The above noted objects and advantages of the present invention will be more fully understood upon a study of the description in conjunction with the detailed drawings.
FIG. 1 is a perspective view of a typical three cone sealed bearing rock bit;
FIG. 2 is a partially broken away cross section illustrating a cone rotatively mounted to a journal with a belleville seal in place;
FIG. 3 is a partially broken away cross section of one leg of a three cone rock bit, the leg being mounted to a rotatable turntable to facilitate a circumferential beam weld operation of a belleville seal to the leg;
FIG. 4 is a partially broken away view rotated 90° with respect to FIG. 3, illustrating the high-energy beam focused at an intersection of the belleville seal and journal; and
FIG. 5 is an enlarged fragmented cross section of a high-energy beam welded belleville seal mounted to a journal bearing of a rock bit.
With reference now to FIG. 1, the sealed bearing rotary cone rock bit, generally designated as 10, consists of rock bit body 12, pin end 14, and a cutting end, generally designated as 16. Each cone 17, making up cutting end 16, is attached to a leg 20 that terminates in a shirttail portion 22. Each of the cones 17 has, for example, a multiplicity of equally spaced tungsten carbide cutter inserts 18 interference fitted within the cone bodies 17. Three or more nozzles 26 communicate with a chamber formed inside the bit body 12 (not shown). The chamber receives drilling fluid or "mud" through the pin end 14. The fluid then is directed out through the nozzles 26 during bit operation. A lubrication reservoir 24 is provided in each of the legs 20 to supply lubricant to bearing surfaces formed between the rotary cones and their respective journals.
The partially cut away cross section illustrated in FIG. 2 depicts the cone 17 mounted onto a journal pin, generally designated as 30. The journal pin 30 is cantilevered from the shirttail portion 22 of leg 20. A bearing surface 32 is formed on the journal pin 30. The journal also forms a ball race for cone retention balls 19. A complementary cone retention ball race is formed in the cone 17. A belleville seal, generally designated as 50, is positioned between a leg backface 36 of shirttail 22 and a cone backface 39 of cone 17. The belleville seal 50 is comprised of an inner metal ring 52 (FIG. 5). The inner, axially disposed circumferential surface 54 is sized to form a slight interference fit over raised, an nular surface 34 of journal 30. The seal is pressed over the raised complementary journal surface 34 with an interference fit.
The journal 30 further consists of a "snoochie" face 40 (FIG. 2); the radially disposed bearing surface 40 being oriented 90° to an axis of the journal. Extending from radially disposed surface 40 is a spindle bearing 38 that mates with a complementary bearing surface in the cone 17.
With reference specifically to the enlarged fragmentary cross section of FIG. 5, the belleville seal 50 consists of an exposed inner metallic ring 52 that is interference fitted over raised annular surface 34 of journal 30. The radially disposed surface of ring 52 abuts surface 37 in leg 20. Belleville spring 58, the "heart" of the belleville seal, is encapsulated within elastomer 60. An inner portion 62 of the elastomer 60 is compressed against radial surface 37 of leg 20 near shirttail end 22. When the belleville seal is assembled onto journal 30, the ring 52 is, as heretofore stated, interference fitted over axial surface 34. The inner diameter of ring 52 at axial surface 54 is from zero to four thousandths smaller in diameter than axial surface 34. The elastomer 62 adjacent ring 52, in a relaxed state, may extend beyond surface 56 (shown in phantom).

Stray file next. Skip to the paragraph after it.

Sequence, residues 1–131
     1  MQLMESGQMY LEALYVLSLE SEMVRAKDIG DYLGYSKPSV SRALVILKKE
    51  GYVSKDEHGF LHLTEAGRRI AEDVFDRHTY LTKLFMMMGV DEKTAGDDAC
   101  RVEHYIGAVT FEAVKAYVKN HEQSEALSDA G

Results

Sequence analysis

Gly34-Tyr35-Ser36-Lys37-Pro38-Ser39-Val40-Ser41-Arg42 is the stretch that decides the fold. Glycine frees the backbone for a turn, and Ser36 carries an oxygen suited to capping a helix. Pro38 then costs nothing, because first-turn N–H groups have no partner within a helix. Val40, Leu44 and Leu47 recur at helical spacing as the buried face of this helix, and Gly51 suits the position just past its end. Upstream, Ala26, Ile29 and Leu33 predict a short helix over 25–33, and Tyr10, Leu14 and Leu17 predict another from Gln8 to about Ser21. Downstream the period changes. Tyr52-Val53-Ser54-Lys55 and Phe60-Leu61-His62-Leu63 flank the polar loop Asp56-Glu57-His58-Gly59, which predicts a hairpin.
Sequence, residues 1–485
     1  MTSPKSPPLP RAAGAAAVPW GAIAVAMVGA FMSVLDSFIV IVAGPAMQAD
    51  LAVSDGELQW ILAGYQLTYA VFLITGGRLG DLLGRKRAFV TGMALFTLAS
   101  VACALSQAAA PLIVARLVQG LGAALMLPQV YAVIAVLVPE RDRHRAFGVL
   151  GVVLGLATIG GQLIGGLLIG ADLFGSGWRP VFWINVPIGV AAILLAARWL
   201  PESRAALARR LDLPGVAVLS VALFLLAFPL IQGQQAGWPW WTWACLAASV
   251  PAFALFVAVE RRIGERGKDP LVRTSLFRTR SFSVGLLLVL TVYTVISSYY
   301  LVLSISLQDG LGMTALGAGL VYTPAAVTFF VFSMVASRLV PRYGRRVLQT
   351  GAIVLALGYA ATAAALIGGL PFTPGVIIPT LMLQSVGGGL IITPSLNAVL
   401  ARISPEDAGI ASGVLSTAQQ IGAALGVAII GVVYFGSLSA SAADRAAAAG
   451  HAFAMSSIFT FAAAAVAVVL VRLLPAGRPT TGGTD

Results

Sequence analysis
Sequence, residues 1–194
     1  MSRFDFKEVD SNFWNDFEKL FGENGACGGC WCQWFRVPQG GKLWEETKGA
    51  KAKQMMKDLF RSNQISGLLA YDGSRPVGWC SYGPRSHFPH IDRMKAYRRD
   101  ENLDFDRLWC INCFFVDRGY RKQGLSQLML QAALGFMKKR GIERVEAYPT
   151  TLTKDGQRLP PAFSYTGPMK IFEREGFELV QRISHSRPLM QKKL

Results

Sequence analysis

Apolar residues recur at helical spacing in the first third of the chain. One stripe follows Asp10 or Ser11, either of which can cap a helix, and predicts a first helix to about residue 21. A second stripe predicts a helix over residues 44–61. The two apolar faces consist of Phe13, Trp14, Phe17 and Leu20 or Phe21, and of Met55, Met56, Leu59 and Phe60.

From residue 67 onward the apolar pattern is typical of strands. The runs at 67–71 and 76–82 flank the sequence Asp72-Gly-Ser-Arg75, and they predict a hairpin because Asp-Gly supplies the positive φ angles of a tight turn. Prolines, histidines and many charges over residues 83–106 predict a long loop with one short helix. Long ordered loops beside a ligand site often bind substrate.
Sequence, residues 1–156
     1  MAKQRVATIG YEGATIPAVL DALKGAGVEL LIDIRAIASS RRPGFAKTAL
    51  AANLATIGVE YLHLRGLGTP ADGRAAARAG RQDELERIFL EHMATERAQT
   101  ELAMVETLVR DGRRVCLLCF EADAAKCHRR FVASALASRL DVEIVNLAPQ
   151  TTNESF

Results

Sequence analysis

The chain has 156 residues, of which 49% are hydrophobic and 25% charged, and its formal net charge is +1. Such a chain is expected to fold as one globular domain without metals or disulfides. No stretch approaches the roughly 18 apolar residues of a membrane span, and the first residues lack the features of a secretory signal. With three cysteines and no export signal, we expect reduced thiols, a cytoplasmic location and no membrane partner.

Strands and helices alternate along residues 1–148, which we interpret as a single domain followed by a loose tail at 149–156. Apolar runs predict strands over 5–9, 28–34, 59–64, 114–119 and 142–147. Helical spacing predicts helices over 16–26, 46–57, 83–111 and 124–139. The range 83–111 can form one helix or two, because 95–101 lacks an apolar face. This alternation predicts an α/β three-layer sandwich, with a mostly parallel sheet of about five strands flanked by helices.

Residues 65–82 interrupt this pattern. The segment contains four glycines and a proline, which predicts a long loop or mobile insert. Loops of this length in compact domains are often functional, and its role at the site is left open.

Referring now to FIG. 3, the welding fixture, generally designated as 80, consists of a fixture base 82, support posts 83, turntable 84, and upper fixture frame 85. A variable speed drive motor 86 is geared to turntable 84 to drive the turntable at different speeds. A driving arm 88, attached to turntable 84, is designed to engage the grease reservoir cavity 24 formed in leg 20. The purpose of the leg drive arm 88 is to rotate the leg 20 in the welding fixture 80. The leg 20 is inserted within a rotatable leg journal centering spindle 93, mounted to frame 85 of fixture 80. The cylindrical recess 94 in the end of the leg journal centering spindle 93 is formed to mate with the spindle 38 that extends from the end of journal 30. The journal snoochie face 40 mates with or abuts against a complementary surface 95 formed in centering spindle 93 to accurately position the leg journal bearing 30 within the rotatable leg centering spindle 93. The journal is firmly urged into engagement with the rotatable spindle 93 by a leg holding apparatus 96. The end 97 of the holding apparatus or tooling fixture 96 abuts against the leg backface 22. The knurled threaded jam nut 98 is rotated toward the leg backface 22, forcing the contact pin 97 against the leg backface 22. The end of the contact pin 97 is axially aligned with the centerline of the journal bearing 30 to assure firm contact and proper alignment of the leg journal bearing with the rotatable centering spindle 93 of welding fixture 80. The spindle 93 is rotatively contained by a pair of roller bearings 92 secured within frame 85 and housing 91, one of which is shown in FIG. 3.
The leg, of course, is inserted within the welding fixture 80 after the belleville seal is pressed onto the raised annular surface 34 formed in journal 30 of leg 20.